Think this is a good point, and would like to add to your line of reasoning that the funding of ISIS and so called “moderate rebels” in Syria because regime change by US & it’s allies, is producing swift blowback along the lines you talk about from the financial crisis. The Paris attacks – supposedly by ISIS & Co (the same “moderate rebels” Obama is funding regardless of what we or they call themselves) – is energizing right wingism on a lot of fronts in Europe & the US. Even to the badly misinformed US public Obama looks to have egg on his face because of the Paris attacks, and he is now having to spend energy fighting political blow back from the Paris attacks – like Congressional moves to target Muslims and refuges. While I’m not certain Obama actually gives a rats arse about the refuge crisis he’s caused, he’s on record at least “in words” if not deeds to be against the the sort of racists backlash that his own policies have helped to create.

  2. Keith

    As global creditors come for their money and impose austerity, the nation turns inwards and becomes nationalistic.

    The outside world is now the enemy.

    Same old, same old ……

    1920s/2000s – high inequality, high banker pay, low regulation, low taxes for the wealthy, robber barons (CEOs), reckless bankers, globalisation phase

    1929/2008 – Wall Street crash

    1930s/2010s – Global recession, currency wars, rising nationalism and extremism

    1940s/? – Global war

    We are nearly there with the Middle East on fire and the two nuclear super-powers at each other’s throats.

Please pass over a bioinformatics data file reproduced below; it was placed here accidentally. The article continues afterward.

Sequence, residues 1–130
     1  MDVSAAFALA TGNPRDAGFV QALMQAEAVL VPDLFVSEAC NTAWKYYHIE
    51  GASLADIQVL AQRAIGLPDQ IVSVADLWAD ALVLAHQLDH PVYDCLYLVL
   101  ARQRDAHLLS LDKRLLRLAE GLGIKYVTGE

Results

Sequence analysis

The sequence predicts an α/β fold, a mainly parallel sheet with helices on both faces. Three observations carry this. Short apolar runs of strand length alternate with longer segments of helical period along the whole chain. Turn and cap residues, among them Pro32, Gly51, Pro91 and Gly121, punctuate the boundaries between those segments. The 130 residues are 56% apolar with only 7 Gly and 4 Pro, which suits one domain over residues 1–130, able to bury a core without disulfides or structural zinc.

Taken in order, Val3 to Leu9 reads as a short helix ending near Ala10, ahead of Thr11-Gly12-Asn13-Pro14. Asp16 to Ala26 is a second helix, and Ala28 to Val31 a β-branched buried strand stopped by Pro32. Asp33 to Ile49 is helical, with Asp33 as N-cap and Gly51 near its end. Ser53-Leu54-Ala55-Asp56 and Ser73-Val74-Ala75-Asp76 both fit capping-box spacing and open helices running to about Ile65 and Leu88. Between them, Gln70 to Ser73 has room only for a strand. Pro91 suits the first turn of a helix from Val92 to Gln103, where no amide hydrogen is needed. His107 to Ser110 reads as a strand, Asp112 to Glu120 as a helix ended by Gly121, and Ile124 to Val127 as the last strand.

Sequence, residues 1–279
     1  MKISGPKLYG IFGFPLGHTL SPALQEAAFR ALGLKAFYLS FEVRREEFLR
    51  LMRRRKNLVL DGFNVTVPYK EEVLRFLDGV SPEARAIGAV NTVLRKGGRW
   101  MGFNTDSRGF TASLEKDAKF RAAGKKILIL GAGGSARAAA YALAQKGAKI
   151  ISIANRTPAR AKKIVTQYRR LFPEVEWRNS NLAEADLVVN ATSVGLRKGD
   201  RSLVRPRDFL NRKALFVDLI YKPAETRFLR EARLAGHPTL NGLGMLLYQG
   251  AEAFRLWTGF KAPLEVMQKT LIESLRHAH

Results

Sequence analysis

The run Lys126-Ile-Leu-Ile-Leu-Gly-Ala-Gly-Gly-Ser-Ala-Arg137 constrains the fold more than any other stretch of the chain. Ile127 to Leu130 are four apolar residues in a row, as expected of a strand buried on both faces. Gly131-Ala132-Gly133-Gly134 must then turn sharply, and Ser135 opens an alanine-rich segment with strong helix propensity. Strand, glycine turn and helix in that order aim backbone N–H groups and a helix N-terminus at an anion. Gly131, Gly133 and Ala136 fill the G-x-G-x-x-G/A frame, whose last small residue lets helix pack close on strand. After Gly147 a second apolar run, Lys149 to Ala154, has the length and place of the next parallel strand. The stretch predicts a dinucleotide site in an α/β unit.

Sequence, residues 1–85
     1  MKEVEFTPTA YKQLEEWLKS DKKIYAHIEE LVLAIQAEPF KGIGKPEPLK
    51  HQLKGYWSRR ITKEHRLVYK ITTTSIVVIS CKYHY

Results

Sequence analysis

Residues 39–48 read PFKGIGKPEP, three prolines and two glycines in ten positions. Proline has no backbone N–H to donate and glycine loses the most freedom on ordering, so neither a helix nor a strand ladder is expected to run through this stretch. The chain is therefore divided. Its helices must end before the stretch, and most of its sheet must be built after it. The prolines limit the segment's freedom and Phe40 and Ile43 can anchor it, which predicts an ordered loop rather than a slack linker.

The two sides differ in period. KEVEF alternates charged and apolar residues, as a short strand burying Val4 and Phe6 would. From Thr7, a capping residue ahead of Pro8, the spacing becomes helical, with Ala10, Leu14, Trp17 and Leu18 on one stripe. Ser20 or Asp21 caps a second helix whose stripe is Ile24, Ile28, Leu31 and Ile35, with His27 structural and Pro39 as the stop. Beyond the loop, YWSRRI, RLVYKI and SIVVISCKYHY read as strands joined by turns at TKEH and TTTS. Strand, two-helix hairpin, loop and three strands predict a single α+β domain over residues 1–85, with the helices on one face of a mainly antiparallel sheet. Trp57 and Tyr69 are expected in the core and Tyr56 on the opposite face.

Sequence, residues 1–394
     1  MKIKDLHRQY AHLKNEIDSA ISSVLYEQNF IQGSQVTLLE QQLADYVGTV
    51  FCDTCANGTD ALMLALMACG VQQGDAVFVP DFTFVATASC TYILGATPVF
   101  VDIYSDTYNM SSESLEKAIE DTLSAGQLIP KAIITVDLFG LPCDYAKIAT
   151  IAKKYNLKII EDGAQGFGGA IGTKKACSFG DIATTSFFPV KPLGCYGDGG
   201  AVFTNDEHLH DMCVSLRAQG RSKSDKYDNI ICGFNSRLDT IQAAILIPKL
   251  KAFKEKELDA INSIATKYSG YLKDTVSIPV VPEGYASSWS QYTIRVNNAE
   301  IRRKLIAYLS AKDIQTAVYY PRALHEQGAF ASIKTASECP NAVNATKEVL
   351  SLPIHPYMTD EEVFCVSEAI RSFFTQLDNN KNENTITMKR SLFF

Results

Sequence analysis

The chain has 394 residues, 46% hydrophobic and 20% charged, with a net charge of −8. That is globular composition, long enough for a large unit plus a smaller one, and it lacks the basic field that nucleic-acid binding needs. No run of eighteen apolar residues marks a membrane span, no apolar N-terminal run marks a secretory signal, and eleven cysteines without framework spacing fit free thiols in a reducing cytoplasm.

Nuclear weapons kept the Cold War “cold” for decades and so we may be able to miss out on the global war phase as the nuclear super powers guarantee only MAD (mutually assured destruction).

  3. MikeNY

    Central Banks have certainly done their part (in the short term) to preserve the political system and ‘financial stability’ (read: rising equity markets). I will give them that. It remains to be seen if legislators will finally act to do their part, which must include redisitribution of wealth downward. The CBs have only accomplished redistribution upward, which is counter-productive to social stability. I believe we will need to see more social unrest to move the oligarchs and their legislative employees out of complacency and into action. I believe they will need to feel some fear.

    I hope I’m wrong.

    1. RBHoughton

      That’s more or less my belief too Mike.

      There is a projection that increased automation of production will more or less remove workers from factories. There is no corresponding political effort to redeploy them, indeed the costs of education are in orbit.